How does this relate to music? As we listen to the music and sounds that surround us, it becomes more clear how these vibrations impact our daily lives. As I think about a fire alarm going off, I can sense my body tensing and my heart rate going up. As I think about the sounds of crickets or the ocean surf, I immediately become soothed. The music played at your local gym is another good example. It is no coincidence that the BPM is roughly the same as the average adult’s target heart rate for activity. Consider how a mother instinctually sings lullabies to care for and soothe her baby. My approach to therapeutic music is by creating a soothing environment using brainwave entrainment.
I completed training as a Therapeutic Musician in 2013 through the Music for Healing and Transition Program with my internship set to begin mid 2014. As a Certified Music Practitioner Intern, I am trained to provide live therapeutic music at the bedside of the ill and dying. Therapeutic Musicians differ from Music therapists. First, therapeutic musicians have completed a certificate program and receive certification through the National Standards Board for Therapeutic Musicians while music therapists receive a degree through an accredited college or university. Both have a similar approach to using receptive music at the bedside, however Music Therapists also work directly with patients to address specific outcomes as prescribed by a physician. A therapeutic musician may play a harp at the bedside to soothe a patient while a music therapist may do the same as well as allow the patient to play the harp in an effort to reach therapeutic goals such as muscle coordination.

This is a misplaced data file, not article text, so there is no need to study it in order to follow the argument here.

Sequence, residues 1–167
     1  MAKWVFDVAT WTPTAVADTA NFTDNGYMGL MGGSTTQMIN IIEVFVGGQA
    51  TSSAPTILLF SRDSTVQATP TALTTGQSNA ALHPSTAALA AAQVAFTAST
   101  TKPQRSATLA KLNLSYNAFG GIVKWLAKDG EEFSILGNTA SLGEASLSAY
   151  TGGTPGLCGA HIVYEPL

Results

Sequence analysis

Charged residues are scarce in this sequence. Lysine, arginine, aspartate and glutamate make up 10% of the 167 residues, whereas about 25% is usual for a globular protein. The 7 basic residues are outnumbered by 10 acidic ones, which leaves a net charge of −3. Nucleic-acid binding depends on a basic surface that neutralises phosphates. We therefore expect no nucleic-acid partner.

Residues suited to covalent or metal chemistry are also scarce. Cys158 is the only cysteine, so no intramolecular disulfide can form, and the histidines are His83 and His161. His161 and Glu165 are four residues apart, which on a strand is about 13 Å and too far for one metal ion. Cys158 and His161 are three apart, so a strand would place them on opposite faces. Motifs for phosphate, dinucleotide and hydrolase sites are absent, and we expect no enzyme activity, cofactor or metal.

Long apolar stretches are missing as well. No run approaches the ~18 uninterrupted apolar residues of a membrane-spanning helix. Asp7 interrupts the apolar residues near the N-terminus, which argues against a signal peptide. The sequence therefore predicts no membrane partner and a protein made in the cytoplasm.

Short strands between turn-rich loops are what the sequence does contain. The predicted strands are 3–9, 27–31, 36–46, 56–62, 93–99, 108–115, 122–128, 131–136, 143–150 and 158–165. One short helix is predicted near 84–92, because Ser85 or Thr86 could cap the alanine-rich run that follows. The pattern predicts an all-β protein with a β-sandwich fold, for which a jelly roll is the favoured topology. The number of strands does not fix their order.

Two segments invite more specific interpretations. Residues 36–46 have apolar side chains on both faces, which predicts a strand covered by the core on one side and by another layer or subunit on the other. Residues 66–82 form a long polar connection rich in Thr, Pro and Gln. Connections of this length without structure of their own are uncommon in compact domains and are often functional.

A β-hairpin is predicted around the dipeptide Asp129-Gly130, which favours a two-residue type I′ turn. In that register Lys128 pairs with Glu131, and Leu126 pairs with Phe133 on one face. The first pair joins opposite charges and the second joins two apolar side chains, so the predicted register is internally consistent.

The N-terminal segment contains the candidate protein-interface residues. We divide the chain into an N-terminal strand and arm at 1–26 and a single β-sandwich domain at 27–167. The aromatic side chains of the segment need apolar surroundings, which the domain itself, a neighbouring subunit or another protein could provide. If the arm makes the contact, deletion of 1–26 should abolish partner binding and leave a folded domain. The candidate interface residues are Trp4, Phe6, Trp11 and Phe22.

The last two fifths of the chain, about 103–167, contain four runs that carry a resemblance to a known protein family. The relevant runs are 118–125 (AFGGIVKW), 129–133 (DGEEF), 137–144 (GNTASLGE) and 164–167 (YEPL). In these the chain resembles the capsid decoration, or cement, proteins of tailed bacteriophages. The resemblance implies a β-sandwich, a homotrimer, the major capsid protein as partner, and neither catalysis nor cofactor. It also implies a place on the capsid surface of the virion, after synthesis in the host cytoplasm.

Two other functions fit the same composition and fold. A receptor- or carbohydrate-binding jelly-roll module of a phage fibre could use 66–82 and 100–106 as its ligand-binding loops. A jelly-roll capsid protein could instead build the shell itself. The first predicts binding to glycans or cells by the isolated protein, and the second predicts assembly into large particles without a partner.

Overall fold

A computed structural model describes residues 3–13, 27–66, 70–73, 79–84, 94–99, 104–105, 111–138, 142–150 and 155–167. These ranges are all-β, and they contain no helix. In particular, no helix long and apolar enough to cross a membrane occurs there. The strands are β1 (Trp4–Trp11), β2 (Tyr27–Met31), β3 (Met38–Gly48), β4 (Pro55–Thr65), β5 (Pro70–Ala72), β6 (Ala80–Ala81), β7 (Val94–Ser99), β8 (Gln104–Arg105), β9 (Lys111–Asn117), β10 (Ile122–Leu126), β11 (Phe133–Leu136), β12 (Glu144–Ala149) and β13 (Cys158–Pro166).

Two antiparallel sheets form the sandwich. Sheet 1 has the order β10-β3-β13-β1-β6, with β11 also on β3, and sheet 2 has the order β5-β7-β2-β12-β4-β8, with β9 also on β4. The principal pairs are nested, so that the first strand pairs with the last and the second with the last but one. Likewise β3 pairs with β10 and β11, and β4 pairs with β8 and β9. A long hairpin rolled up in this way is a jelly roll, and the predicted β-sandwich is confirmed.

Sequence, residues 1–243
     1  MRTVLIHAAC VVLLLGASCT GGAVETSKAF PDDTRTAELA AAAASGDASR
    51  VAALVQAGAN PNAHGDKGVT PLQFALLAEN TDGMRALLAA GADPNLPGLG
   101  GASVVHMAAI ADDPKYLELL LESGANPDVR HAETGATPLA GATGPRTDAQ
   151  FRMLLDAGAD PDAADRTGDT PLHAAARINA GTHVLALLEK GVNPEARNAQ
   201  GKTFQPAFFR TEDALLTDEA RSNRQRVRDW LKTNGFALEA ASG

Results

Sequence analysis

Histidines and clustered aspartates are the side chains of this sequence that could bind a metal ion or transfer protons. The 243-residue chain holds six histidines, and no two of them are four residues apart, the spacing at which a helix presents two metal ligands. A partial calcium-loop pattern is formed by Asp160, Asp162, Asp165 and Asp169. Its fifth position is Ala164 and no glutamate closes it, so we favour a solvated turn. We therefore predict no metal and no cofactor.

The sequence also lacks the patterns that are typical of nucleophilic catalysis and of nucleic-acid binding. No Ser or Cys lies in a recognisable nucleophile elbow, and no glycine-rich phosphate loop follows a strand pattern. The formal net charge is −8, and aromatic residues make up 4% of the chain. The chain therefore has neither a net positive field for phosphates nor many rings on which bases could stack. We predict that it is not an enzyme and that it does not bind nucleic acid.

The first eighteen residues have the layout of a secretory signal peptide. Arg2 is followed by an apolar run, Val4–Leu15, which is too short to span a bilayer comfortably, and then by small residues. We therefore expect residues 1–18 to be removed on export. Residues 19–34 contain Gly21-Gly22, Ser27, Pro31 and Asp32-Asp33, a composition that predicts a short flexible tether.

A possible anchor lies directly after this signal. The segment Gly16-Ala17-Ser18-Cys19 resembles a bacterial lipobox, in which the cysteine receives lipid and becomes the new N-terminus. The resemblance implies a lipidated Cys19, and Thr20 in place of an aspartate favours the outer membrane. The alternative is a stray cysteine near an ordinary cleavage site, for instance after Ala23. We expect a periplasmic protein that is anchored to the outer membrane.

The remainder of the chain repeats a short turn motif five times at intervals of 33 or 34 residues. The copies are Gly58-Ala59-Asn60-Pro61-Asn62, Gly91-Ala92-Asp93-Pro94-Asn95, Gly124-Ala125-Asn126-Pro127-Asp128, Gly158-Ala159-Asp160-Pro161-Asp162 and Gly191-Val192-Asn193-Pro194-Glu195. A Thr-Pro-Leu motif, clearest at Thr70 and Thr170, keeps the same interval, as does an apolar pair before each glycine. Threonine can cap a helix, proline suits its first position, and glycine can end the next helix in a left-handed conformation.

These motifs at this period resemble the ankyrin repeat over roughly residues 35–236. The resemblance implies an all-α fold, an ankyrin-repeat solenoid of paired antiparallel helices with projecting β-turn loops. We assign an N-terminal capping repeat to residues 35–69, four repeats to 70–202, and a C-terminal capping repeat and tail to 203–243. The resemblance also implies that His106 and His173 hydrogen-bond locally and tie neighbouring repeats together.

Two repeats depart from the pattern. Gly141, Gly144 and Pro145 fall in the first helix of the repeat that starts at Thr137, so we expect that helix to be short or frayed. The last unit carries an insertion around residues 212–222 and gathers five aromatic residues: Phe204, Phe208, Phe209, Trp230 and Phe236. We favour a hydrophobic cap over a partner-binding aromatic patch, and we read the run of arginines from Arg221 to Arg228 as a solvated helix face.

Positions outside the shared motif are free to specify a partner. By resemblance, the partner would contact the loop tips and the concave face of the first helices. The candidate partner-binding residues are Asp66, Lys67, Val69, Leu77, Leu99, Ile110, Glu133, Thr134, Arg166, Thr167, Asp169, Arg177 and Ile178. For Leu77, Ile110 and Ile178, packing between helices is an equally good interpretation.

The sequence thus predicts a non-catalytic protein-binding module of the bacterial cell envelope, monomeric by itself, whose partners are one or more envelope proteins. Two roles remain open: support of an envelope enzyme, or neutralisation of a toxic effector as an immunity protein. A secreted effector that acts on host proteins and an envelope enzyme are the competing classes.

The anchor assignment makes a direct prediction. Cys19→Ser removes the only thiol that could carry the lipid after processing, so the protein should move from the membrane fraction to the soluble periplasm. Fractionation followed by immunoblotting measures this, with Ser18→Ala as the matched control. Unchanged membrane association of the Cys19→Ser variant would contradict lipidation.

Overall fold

After completion of internships and certification, I will begin to provide live therapeutic music in the Chattanooga area. My concentration is on stress relief and deep rest as well as the special needs of those in final hours of life.